FOR IMMEDIATE RELEASE
Rep. Waxman Calls for an Investigation of US Military Efforts to Influence Iraqi Media Coverage
WASHINGTON - November 30 -
The Honorable Tom Davis
Dear Mr. Chairman:
I am writing regarding a report in today's Los Angeles Times that the military is secretly paying Iraqi newspapers to run stories that present a positive image of the military and the U.S. mission in Iraq. According to the Times, the "U.S. has paid Iraqi newspapers to run dozens of such articles ... since the effort began this year." The operation has been run entirely in secret and is "designed to mask any connection with the U.S. military."
In addition, the Times learned from a military official that the Pentagon has "purchased an Iraqi newspaper and taken control of a radio station, and was using them to channel pro-American messages to the Iraqi public. Neither is identified as a military mouthpiece."
If these reports are true, they have significant implications that should be investigated by the Committee. As one senior Pentagon official told the Times: "Here we are trying to create the principles of democracy in Iraq. Every speech we give in that country is about democracy. And we're breaking all the first principles of democracy when we're doing it."
As you know, I requested in February that the Committee investigate growing reports of the use of "covert propaganda" by the federal government. After some back and forth, we agreed to send a joint document request to several federal agencies seeking information about their contracts with public relations firms. At your request, however, we did not include the Department of Defense in the document request.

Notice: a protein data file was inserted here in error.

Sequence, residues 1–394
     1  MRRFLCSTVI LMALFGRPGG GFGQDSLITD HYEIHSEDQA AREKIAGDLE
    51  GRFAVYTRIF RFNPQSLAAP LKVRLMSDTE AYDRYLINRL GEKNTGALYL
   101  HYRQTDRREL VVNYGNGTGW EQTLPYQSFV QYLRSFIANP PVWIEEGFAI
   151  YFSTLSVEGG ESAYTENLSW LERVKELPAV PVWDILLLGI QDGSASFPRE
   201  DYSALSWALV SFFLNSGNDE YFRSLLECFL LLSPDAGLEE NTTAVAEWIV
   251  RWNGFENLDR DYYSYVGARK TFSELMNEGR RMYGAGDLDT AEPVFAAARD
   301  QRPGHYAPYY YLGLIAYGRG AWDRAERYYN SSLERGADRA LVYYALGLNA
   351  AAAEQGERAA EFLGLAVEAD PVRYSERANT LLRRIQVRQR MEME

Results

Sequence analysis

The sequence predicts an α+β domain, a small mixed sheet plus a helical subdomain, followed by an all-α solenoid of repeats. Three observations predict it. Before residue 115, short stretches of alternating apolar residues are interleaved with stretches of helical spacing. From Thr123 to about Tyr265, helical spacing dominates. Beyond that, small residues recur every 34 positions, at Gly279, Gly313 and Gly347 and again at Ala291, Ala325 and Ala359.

The new disclosures in the Los Angeles Times should cause us to revisit the decision to exempt the Department of Defense. According to the Times, the news articles are written by military "information operations" troops. These stories are then translated into Arabic and placed into Iraqi newspapers under a contract with the Lincoln Group. Lincoln Group staff and subcontractors do not identify the articles as originating with the military when they place the articles, sometimes posing as "freelance reporters or advertising executives when they deliver the stories to Baghdad media outlets." The Times found that the stories produced under this program "read more like press releases than news stories," and "often contain anonymous quotes from U.S. military officials." One senior military official told the Times that, "[a]bsolute truth was not an essential element of these stories."
Military efforts to influence Iraqi news coverage covertly should not be tolerated. I hope that you will join me in requesting information from the Pentagon regarding this and any other military efforts to influence Iraqi coverage of the U.S. mission. To begin an investigation, we should request:
All documents related to the creation and role of the "Information Operations Task Force" in Baghdad;
All contracts - including the statement of work, task orders, and any modifications - issued by the Pentagon for public relations and media outreach in Iraq, including, but not limited to, the contract with the Lincoln Group to place articles in Iraqi newspapers;
All deliverables produced under these contracts, including, but not limited to, any materials produced by the Lincoln Group and its subcontractors;
· Copies of all articles placed by the U.S. military or the Lincoln Group in the Iraqi media;
Any documents related to the U.S. military purchase or control of any Iraqi media outlets, including television stations, radio stations, and newspapers.
I look forward to working with you on this effort.
 U.S. Military Covertly Pays to Run Stories in Iraqi Press, Los Angeles Times (Nov. 30, 2005).
 Letter from Rep. Henry A. Waxman to Chairman Tom Davis (Feb. 8, 2005).